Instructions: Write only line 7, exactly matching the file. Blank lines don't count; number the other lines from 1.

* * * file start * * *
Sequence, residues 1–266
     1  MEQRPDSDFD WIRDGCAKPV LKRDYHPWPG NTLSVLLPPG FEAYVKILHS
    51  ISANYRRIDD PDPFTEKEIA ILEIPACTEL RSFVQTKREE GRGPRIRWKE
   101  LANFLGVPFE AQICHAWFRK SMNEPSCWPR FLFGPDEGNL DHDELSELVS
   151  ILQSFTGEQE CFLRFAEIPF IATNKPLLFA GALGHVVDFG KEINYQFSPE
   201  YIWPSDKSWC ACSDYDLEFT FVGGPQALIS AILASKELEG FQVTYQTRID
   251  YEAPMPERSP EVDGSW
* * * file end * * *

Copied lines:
   251  YEAPMPERSP EVDGSW